former us vice-president al gore in an inconvenient sequel: truth to power

Al Gore’s Inconvenient Sequel to open Sundance in acutely political year

former us vice-president al gore in an inconvenient sequel: truth to power
The politics of climate change … former US vice-president Al Gore in An Inconvenient Sequel: Truth to Power. Photograph: Courtesy of Sundance Institute

Politics looks set to overshadow Utah film festival’s 2017 edition, with a march by women film-makers, a documentary on Donald Trump’s presidential victory, and a slew of films on climate change. Then there’s Jack Black’s skit on polka

January 18, 2017 — The first film on the screening schedule for the 2017 edition of the Sundance film festival is Al Gore’s An Inconvenient Sequel: Truth to Power, a follow-up to his 2006 Oscar winning documentary An Inconvenient Truth. Truth to Power is Gore’s second blast of righteous rhetoric in the cause of climate activism, but the screening has taken on a new urgency as the festival, which starts on 19 January in Park City, Utah will be preoccupied by events 3,000 miles away. The presidential inauguration of Donald Trump takes place in Washington DC on Friday, the festival’s second day, and is likely to cast its shadow over the entire event.

Though the festival itself is not officially involved, the immediate response from festivalgoers – unarguably a bastion of liberal, activist filmmaking – is the Women’s March on Main, one of the many nationwide sister event to the massive Women’s March on Washington that is due to take place on Saturday, the day after the inauguration. Park City’s version will be led by talk-show host Chelsea Handler, and is due to start at 9am in a pub car park on Main Street. Writing in the Hollywood Reporter, Handler said: “Let’s teach our Predator-in-Chief a lesson that he can’t do anything he wants, and that he can’t trample all over the rights of America’s 162 million women and girls.” Plenty of Sundance attendees will be involved, including film-makers, agents and studio executives, as well as the festival’s director John Cooper.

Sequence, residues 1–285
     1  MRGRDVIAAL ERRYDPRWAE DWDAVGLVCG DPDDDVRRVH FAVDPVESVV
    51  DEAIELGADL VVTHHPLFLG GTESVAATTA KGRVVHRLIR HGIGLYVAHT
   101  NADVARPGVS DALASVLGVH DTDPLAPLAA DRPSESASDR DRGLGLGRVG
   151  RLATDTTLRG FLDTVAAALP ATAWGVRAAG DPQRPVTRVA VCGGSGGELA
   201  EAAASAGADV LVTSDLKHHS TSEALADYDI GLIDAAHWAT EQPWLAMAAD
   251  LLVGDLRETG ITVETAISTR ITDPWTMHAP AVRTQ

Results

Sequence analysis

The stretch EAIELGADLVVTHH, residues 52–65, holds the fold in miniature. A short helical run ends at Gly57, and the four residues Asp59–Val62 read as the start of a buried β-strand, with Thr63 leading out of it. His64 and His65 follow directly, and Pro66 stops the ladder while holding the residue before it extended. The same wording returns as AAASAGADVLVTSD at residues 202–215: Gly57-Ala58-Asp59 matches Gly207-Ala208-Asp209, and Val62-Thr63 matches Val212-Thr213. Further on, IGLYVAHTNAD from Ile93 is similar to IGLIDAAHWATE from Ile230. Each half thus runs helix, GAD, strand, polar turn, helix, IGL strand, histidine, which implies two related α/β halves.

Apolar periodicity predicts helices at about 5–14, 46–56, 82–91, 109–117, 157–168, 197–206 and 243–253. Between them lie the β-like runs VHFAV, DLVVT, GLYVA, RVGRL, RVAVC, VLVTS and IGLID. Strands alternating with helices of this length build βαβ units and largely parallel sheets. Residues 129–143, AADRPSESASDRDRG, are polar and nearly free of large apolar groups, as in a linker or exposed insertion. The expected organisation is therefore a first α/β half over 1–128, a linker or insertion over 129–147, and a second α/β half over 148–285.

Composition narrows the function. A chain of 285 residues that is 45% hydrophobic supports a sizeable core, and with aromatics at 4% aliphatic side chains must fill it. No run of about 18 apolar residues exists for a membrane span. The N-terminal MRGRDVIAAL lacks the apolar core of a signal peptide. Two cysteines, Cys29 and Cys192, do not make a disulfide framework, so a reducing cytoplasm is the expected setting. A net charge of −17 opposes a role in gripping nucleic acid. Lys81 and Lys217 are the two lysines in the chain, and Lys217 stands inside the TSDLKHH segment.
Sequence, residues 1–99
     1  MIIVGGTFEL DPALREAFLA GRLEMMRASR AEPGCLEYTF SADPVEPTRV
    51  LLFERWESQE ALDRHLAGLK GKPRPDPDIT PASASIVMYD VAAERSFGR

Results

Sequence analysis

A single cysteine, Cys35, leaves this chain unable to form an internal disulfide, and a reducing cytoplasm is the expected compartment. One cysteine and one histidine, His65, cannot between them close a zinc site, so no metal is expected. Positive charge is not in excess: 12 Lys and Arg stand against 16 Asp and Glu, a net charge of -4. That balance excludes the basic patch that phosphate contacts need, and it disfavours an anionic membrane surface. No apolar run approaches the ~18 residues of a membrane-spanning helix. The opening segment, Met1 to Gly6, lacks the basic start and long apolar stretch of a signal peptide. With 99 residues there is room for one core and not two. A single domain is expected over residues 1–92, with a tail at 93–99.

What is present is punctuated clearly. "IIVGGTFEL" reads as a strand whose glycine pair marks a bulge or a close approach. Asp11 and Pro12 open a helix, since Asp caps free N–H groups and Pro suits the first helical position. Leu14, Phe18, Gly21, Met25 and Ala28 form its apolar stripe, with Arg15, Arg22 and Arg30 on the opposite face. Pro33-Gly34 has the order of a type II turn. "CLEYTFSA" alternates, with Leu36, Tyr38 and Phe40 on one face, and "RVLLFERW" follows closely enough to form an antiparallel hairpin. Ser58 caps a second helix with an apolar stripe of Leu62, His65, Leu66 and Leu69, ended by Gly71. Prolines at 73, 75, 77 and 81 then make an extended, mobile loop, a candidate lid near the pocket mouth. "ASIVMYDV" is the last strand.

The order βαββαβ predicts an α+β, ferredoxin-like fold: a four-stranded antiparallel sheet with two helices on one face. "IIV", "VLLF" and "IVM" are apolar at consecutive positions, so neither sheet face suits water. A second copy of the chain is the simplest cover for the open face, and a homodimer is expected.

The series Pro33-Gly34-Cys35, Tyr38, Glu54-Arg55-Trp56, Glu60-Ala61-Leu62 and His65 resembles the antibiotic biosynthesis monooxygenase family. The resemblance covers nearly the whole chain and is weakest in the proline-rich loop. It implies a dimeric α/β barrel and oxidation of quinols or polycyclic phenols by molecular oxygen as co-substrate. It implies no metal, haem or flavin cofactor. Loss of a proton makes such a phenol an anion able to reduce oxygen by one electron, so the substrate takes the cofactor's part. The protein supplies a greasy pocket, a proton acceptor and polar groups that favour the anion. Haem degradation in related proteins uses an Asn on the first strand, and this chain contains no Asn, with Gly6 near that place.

The politically inflected mood is reflected in the festival lineup, which is noticeably more strident than in recent years. Chief among the offerings is the hot-off-the-press documentary Trumped: Inside the Greatest Political Upset of All Time, a feature film culled from footage shot by the team behind the Showtime TV series The Circus, which covered the entire election cycle throughout 2016, culminating in Trump’s election victory in November.

from the documentary chasing coral by jeff orlowski
New climate … a still from the documentary Chasing Coral by Jeff Orlowski. Photograph: Courtesy of Sundance Institute/Caitlin Seaview Survey

However, Gore’s film – directed by Bonni Cohen and Jon Shenk – is the centrepiece of wider-ranging effort at Sundance: a sidebar called The New Climate, conceived as a direct riposte to the climate-change scepticism of the incoming president and the new head of the Environmental Protection Agency, Scott Pruitt. Sundance has a strong track record of such stances – a legacy of the environmental activism of its founder, Robert Redford – but this year sees a new sense of urgency.

As a result, the festival has programmed a series of documentaries, covering a huge range of subjects. Chasing Coral grapples with the disastrous decline of coral reefs in oceans across the world, while Plastic China is a study of a recycling facility in Shandong and those who own it and work there. Water and Power: A California Heist aims to unpick the profiteering in California’s water-supply system that is the backdrop to the years of drought in the state. Trophy examines the big-game hunting industry in Africa that is the flipside of animal conservation. Festivalgoers can even experience what it’s like to be a rainforest tree in what is described as a “virtual experience” put together by artists Milica Zec and Winslow Porter.

Aside from all the politics, however, Sundance is first and foremost dedicated to allowing independent filmmakers to showcase their wares, and is often the point of first exposure for a potential crossover hit. In 2016, the big gamble was slavery drama The Birth of a Nation, for which Fox paid $17.5m; that proved to be a loser after the film’s theatrical release and awards run misfired after the resurfacing of historic rape allegations – of which he was acquitted – against its director-star Nate Parker. Although the heady atmosphere of the festival has often triggered bidding wars, few are expecting such large sums to change hands in 2017.

However, a number of films are already attracting interest from distributors: most notably Long Strange Trip, a documentary about underground rockers the Grateful Dead, which has just been snapped up by Amazon. Other likely looking titles include Jack Black comedy The Polka King, about real life polka fraudster Jan Lewan; Newness, directed by Sundance favourite Drake Doremus, about romance in the age of Tinder; and Wind River, a crime thriller directed by Hell and High Water writer Taylor Sheridan.


guardian_64  by Andrew Pulver | The Guardian